The fully formed harbour seems to have consisted of two large basins, the eastern (A in plan) most at the point of entry from the channel, and the western basin (B in plan) that was connected to the sea by a second channel. The two basins were connected via a channel of the same proportions with the entrance channel (10 – 12m), which was constructed for the ease of manoeuvrability of vessels that were passing through, with the addition of mooring spaces its length that allowed a clear path in between for inter-basin movement. The eastern harbour was connected to two smaller basins (A1 and A2 in plan) whose function is still unclear. The western harbour seems to have extended even further towards the southwest, an area that is now cultivated (B1 in plan), and where the waters of the area flow into the harbours via a stream.

To the north of the western harbour, along the coastline, there are the remnants of a protective entrance harbour with a double scheme as is evident from the existence of three external moles (Georgiades, 1907, 4-5, Paris 1915, Fig. 1).




Lechaeon


Das Hafenbecken ist ringsherum von gemauerten Kaimauern umschlossen. Vor der severischen Zeit bestand der Hafen sicherlich nur aus geringen Kaianlagen und Magazinen entlang der nord-westlichen Seite des Wadi. Bei dem Ausbau entstand ein polygonales Becken, ca 21 ha groß mit einer kleinen Einfahrt zwischen zwei gerade im Winkel aufeinander zulaufenden Molen. Der Hafen wurde unter Benutzung der vorgelagerten Riffe zu einem geschlossenen Becken ausgestaltet (ca.102.000 qm), dessen vieleckige, von gemauerten Kaimauern umschlossene Form ein wenig an den trajanischen Hafen von Portus (Ostia) erinnert. Eine breite Säulenstrasse, an die das neue Forum unmittelbar angrenzt, mündet in geradliniger Führung in den Westkai des Hafens. Die Verlängerung ihrer Achse über das Hafenbecken trifft genau auf den Leuchtturm, der die Hafeneinfahrt flankiert und von der Seeseite her den markantesten Punkt der Stadt bildete. Diese Beziehungen lassen sich nicht nur am Plan ablesen, war doch der Hafen in funktionell und ästhetisch überzeugender Weise in das Stadtgebiet integriert.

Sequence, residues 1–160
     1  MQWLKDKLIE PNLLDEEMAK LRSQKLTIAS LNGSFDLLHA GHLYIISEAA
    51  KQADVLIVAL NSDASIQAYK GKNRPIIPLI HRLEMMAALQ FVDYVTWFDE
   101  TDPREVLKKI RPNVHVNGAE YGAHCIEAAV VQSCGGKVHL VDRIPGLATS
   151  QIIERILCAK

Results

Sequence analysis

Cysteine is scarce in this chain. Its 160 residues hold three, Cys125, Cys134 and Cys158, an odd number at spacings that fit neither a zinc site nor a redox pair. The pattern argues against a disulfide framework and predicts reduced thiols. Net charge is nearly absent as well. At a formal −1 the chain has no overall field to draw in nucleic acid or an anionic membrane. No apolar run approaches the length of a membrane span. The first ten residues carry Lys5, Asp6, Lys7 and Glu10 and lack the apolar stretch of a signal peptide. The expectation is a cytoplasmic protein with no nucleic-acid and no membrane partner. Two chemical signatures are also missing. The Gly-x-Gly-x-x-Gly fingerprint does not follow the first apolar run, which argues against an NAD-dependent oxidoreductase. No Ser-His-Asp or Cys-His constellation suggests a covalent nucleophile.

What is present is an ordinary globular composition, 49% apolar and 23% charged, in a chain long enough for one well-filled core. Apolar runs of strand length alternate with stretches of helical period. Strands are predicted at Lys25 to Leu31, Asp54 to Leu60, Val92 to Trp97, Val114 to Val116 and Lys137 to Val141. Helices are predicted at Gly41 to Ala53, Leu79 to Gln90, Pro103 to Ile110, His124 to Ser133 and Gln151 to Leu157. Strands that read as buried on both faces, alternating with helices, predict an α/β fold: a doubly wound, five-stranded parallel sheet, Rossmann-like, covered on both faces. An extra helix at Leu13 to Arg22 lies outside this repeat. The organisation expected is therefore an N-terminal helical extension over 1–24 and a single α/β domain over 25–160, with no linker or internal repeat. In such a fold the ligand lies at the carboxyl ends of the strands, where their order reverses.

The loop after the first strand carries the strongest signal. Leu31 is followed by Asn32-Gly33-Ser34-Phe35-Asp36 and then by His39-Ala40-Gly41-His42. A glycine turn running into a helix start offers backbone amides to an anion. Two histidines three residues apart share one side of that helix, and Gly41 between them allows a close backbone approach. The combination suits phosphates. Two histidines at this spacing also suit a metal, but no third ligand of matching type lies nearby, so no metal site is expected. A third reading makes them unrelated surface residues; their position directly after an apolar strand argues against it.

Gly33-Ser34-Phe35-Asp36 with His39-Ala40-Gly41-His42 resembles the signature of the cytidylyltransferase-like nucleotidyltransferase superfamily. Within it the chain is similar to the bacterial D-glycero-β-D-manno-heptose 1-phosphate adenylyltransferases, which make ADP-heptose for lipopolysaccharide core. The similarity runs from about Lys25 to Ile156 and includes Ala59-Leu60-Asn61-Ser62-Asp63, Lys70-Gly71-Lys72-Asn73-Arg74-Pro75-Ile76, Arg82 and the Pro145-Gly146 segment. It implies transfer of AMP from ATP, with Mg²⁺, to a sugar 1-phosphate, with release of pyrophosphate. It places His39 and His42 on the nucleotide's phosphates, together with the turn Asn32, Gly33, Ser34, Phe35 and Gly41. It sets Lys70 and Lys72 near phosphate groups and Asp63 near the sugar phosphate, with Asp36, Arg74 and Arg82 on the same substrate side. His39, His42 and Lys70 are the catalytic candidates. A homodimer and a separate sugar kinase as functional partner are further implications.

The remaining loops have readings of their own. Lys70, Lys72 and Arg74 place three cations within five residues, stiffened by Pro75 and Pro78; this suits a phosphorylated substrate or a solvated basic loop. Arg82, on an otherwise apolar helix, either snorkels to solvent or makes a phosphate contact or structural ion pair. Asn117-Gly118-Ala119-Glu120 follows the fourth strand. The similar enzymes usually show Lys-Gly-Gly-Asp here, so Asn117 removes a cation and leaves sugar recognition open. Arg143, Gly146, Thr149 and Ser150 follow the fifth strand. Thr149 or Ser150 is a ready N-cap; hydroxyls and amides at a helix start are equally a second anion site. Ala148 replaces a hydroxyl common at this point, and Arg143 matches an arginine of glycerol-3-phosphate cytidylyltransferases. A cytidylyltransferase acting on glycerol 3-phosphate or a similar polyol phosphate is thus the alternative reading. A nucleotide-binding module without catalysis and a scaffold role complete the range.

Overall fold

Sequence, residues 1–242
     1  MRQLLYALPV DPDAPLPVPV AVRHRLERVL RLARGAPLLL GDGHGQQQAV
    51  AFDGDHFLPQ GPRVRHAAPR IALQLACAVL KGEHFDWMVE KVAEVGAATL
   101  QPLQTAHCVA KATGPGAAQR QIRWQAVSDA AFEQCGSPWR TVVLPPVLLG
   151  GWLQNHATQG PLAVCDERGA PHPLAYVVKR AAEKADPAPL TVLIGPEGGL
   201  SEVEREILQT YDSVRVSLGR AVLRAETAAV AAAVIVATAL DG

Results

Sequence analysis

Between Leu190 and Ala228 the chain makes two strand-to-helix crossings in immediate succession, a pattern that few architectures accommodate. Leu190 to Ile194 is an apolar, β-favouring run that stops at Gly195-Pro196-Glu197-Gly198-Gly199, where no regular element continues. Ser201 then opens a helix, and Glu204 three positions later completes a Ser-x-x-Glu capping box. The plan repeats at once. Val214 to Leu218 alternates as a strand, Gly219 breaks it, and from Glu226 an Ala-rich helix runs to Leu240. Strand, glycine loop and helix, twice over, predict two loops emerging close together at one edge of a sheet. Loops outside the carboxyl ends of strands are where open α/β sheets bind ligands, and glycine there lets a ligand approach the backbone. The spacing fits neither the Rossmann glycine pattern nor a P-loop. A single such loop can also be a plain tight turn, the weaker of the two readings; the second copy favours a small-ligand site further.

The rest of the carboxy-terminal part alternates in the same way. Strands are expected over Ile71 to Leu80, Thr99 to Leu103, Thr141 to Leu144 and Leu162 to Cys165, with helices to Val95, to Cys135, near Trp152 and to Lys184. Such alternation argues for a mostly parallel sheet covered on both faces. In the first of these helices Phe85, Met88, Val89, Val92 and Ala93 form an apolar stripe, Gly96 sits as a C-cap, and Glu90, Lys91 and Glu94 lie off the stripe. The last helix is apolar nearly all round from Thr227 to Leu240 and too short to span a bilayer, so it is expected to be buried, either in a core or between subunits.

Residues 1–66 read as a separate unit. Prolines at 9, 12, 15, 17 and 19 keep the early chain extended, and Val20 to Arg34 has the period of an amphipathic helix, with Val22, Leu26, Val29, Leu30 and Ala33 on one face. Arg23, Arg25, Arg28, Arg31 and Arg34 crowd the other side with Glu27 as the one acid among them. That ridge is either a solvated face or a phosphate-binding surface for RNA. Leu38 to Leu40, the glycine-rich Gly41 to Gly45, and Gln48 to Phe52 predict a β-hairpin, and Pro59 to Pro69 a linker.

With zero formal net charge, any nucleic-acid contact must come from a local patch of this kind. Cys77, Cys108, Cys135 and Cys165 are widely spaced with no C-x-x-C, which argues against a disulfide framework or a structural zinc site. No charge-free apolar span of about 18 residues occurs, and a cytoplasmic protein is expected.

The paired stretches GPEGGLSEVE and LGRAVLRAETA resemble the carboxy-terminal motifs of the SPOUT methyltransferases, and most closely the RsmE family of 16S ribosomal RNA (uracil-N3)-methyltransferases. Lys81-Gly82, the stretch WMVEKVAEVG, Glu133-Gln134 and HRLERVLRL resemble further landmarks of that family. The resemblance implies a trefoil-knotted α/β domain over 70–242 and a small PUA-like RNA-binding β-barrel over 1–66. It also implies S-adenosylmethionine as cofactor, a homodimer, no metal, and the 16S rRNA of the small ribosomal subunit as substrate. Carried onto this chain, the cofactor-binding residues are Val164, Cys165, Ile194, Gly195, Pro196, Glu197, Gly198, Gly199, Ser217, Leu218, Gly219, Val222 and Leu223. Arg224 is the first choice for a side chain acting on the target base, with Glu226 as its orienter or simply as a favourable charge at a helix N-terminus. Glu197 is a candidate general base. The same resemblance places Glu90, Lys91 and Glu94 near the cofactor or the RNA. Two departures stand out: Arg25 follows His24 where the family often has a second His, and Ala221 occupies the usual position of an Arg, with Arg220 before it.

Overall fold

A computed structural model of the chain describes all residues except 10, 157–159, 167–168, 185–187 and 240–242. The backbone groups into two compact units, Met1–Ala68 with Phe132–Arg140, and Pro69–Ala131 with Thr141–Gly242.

Leptis-Magna


Die Befunde an der Brand-Löhrstraße,ca. 500 m stromab vom Kapellhof lassen seit dem 2.Jh. n.Chr. hier ein Hafenbecken vermuten. Hier fand sich  die  Bohlenverkleidung eines hölzernen Piers (Anlegers), der vermuten läßt, das Hafenbecken sei hier in den Rhein gebaut worden.

(keyword quay) Im Gegensatz zu den ansonsten üblichen Anlagen mit ausgebauten Uferanlagen (Kaianlagen) und vorgelagerten Molen, eine einzigartige Bauart.




Mainz


Für die Bildung des Hafenbeckens wurden zwei Küstenseen, der Lukriner und der Averner See, ausgenutzt indem beide miteinander verbunden wurden. Der Averner See ist ein Kratersee, etwa 2 km von der Küste entfernt. Schon seit altersher von melancholischen und geheimnisvollen Legenden umwoben steht er angeblich mit dem Fluß der Unterwelt, dem Styx, in Verbindung. Durch den Damm der Via Herculanea wurde die Bucht künstlich zu einem Binnensee, dem Lacus Lucrinus. Agrippa ließ den Averner See mit dem vorgelagerten Lucriner See (der seinerseits Verbindung mit dem Golfvon Pozzuoli hat) durch einen breiten Kanal verbinden und verfügte damit über einen geschützten Hafen. Durch die plötzliche Hebung des Monte Nuovo 1538 wurde die Bucht größtenteils verschüttet.




Miseno-Puteoli


Das innere der beiden Hafenbecken (heute Mare Morto genannt) diente als Werft, während das äußere durch die Punta Sarpanella zweigeteilt, die Reede war. Ein Kanal, über dem eine inschriftlich überlieferte hölzerne Brücke führte (pontus ligneus) ermöglichte die Durchfahrt. Rund um diesen inneren Hafen müssen die Werften und Arsenale gelegen haben, von denen heute leider nichts mehr überliefert ist.




Miseno-Puteoli


Im Südwesten der Insel, innerhalb der Befestigungsanlagen liegt ein in phönikischer Tradition gemauertes Becken. Es handelt sich hier um ein schräg zur Küstenlinie liegendes, aus Blöcken gesetztes Rechteck von 51.00 x 35.50 m und ca.2.30m Tiefe u.N.N. Die Wände sind aus Blöcken gemauert, der Boden bildet das anstehende geglättete Gestein, teilweise durch Steine ausgebessert. Eine Steinkante an der Nordseite wird als Einstiegerleichterung bei Niedrigwasser interpretiert.




Mozia



Nonostante le considerevoli sopravvivenze di strutture antiche, la ricostruzione del porto di Claudio, soprattutto nella zona meridionale, si basa su indizi desunti dalla lettura di fotografie aeree e dalla cartografia portuense di età rinascimentale.